And I was shocked at how much more expensive groceries were. But I realized when Vicki and I were talking about it and the kids heard us talking about it, it affected them in a way that I'd never really seen before. Where I think it's good to be concerned and be wise with your money.
But, you know, you don't want to take it to the extreme either. Why don't we take a quick break, Connie? Maybe we'll come back.
I don't know if you have any budget tips or things that we can do to teach our kids during this difficult time to help them be a little more wise with their spending. So you think about that and we'll take this quick commercial break. Y'all were talking with Connie Albers. It's Family Friday and we're talking about how the economy is affecting children and our families. Stick around. Be right back. This show is brought to you by Generous Joes, the coffee company with the Christian perspective. This is the answer that Christians and conservatives have been looking for. A coffee company that gives back to causes you care about.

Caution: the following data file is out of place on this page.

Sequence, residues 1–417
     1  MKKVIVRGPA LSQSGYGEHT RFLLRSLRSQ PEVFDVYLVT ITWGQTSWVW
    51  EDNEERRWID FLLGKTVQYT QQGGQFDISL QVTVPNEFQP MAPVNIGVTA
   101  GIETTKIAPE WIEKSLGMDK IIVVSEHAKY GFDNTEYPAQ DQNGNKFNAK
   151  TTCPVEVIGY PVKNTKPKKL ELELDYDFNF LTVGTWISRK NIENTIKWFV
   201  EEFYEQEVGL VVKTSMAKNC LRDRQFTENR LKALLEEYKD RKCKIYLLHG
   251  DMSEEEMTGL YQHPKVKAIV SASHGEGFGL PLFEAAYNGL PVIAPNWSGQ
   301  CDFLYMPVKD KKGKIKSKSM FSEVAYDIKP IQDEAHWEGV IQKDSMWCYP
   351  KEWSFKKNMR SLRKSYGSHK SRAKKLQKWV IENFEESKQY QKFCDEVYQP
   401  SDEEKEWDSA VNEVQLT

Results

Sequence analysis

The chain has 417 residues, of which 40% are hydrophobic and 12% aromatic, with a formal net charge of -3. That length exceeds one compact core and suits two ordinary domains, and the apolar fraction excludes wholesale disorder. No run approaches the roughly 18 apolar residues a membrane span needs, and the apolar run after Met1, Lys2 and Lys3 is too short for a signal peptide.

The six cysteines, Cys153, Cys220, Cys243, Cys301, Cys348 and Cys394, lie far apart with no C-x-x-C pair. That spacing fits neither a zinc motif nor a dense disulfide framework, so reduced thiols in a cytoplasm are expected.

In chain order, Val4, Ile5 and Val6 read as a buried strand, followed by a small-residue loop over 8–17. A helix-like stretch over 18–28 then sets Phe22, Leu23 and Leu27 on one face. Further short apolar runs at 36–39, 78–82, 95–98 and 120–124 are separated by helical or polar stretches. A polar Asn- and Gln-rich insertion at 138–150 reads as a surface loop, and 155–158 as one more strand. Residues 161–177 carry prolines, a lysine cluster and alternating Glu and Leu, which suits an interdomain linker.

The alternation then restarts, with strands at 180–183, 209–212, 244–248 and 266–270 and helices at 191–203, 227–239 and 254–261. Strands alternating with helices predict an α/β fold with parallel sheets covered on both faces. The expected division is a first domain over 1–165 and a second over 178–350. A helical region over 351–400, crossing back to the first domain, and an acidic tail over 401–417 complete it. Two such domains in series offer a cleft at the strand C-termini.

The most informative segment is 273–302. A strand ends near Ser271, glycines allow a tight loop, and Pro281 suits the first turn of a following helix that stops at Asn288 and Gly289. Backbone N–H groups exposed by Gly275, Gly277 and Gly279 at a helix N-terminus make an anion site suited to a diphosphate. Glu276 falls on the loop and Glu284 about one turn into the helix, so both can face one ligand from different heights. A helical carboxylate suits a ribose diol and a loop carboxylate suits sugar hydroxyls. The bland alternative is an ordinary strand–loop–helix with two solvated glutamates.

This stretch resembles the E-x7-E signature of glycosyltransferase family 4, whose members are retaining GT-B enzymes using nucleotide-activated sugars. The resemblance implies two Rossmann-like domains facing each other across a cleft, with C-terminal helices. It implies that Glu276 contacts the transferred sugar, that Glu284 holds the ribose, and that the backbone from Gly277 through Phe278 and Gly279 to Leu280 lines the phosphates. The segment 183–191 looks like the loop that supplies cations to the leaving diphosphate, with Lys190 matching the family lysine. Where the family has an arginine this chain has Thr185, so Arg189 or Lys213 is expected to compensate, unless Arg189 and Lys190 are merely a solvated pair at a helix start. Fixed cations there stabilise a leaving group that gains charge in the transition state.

Order your coffee today at ShopGenerousJoes.org and even subscribe to a subscription coffee plan and never forget the coffee you love or the causes you care about. Walk in the footsteps of Jesus and see the Bible come to life. This December, join nationally syndicated radio host and founder of the Citizens for America Foundation, Dr. Chris Hughes, on a life-changing trip to Israel. It's one of the world's oldest and most fascinating travel destinations. Learn the faithful from all over the world for thousands of years, visit Jerusalem's religious quarters and explore Christianity's most treasured religious sites like the Wailing Wall, the Dome of the Rock and the Via Dolorosa. Walk with Chris through the winding alleyways of Nazareth's old city and visit ancient Bethlehem, the place of our Savior's birth. Float in the Dead Sea, visit the Sea of Galilee and the Jewish fortress of Masada. See firsthand where the events of the Bible took place. Touring Israel with Dr. Chris Hughes is a travel odyssey like no other.